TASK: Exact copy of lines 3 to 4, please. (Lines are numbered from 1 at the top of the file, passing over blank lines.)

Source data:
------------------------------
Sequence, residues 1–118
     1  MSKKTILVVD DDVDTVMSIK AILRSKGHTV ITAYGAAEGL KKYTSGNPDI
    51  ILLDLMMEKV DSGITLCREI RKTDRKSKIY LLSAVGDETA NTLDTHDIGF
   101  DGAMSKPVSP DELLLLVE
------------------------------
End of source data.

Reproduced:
    51  ILLDLMMEKV DSGITLCREI RKTDRKSKIY LLSAVGDETA NTLDTHDIGF
   101  DGAMSKPVSP DELLLLVE